Melbana Energy Limited has advised that the Cuba Block 9 Production Sharing Contract (Block 9 PSC) farminee Anhui Modestinner Energy Co., Ltd. (AMEC), a wholly owned and guaranteed subsidiary of Anhui Guangda Mining Investment Co. Ltd. (AGMI), has not satisfied the Conditions Precedent in the Farmout Agreement within the time allocated.
As a result of AMEC’s failure to satisfy the Conditions Precedent within the required timelines, Melbana has terminated the Farmout Agreement to enable it to progress discussions with other potential farminees interested in gaining exposure to the company’s portfolio of exploration and development opportunities in Cuba.
Melbana has indicated to AGMI that they would welcome the opportunity to re-examine a partnership with them in Cuba in the future if the circumstances that precluded them from satisfying the Conditions Precedent change, given their experience drilling and operating oilfields.
With respect to the Block 9 guarantee obligation, CubaPetroleo has previously provided a waiver of the obligation until 30 April 2019. A further extension of the waiver has been sought from CubaPetroleo.
Melbana Energy’s CEO, Robert Zammit said Melbana elected to terminate the Farm-in Agreement as there was insufficient progress in the required timeframe and that they wished to progress discussions with other parties that were previously interested in partnering with them as well as some new parties.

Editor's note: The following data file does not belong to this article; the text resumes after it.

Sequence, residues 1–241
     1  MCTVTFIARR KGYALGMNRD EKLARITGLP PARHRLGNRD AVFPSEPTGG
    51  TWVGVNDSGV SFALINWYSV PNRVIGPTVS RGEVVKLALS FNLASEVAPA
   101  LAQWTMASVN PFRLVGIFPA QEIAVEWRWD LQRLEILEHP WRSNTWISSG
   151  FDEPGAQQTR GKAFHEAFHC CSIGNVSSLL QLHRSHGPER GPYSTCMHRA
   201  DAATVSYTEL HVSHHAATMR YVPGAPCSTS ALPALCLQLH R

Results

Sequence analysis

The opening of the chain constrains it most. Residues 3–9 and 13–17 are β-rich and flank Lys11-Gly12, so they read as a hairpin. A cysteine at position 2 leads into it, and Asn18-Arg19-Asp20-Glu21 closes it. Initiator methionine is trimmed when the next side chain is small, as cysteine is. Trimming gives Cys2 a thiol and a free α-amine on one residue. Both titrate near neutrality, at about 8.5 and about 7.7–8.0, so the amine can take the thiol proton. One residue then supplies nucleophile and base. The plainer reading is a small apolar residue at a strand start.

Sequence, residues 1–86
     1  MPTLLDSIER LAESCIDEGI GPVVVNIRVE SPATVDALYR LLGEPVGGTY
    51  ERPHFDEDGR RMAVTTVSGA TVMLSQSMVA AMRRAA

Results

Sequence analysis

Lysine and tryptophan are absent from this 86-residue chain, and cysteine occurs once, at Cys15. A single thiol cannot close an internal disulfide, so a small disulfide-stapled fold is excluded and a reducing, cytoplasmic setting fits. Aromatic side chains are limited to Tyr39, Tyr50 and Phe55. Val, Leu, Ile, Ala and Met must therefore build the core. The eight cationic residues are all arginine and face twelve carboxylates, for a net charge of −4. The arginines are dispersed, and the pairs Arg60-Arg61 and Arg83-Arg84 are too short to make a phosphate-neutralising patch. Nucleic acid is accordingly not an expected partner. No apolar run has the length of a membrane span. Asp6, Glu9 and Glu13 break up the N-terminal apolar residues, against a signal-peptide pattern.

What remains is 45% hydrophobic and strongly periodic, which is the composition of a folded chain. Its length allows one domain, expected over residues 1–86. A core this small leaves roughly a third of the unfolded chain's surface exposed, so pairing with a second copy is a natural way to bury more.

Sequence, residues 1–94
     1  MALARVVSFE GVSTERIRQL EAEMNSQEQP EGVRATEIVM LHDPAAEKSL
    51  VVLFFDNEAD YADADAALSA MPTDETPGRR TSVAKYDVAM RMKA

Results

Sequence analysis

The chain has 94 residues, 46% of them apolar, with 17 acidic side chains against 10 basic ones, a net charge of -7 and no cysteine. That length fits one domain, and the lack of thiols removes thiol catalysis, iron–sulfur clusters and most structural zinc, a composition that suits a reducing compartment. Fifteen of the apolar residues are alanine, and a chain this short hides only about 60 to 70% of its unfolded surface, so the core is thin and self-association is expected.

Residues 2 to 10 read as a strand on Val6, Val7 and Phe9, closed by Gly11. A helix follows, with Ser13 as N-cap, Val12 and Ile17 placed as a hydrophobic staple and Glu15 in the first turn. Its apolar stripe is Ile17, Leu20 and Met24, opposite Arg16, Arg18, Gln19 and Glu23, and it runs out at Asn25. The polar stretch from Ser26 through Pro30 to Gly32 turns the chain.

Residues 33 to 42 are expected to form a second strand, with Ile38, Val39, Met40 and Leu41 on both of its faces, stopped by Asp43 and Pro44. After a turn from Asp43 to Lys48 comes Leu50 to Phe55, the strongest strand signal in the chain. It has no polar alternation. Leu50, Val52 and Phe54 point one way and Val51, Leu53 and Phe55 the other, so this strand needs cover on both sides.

“We remain open to working with AGMI again in the future should their circumstances change,” Mr Zammit detailed.
“We are maintaining an ongoing dialogue with CubaPetroleo to seek to find a mutually acceptable way forward for Block 9 that will allow us to test the significant potential of this block.”
Block 9 PSC covers 2,380 square kilometres onshore on the north coast of Cuba, 140 kilometres east of Havana in a proven hydrocarbon system and along trend with the multi-billion barrel Varadero oil field.
In June 2018, independent expert, McDaniel & Associates Consultants estimated Block 9 Oil in Place as approximately 15.7 billion barrels (best estimate) with recoverable prospective resource of 718 million barrels (best estimate).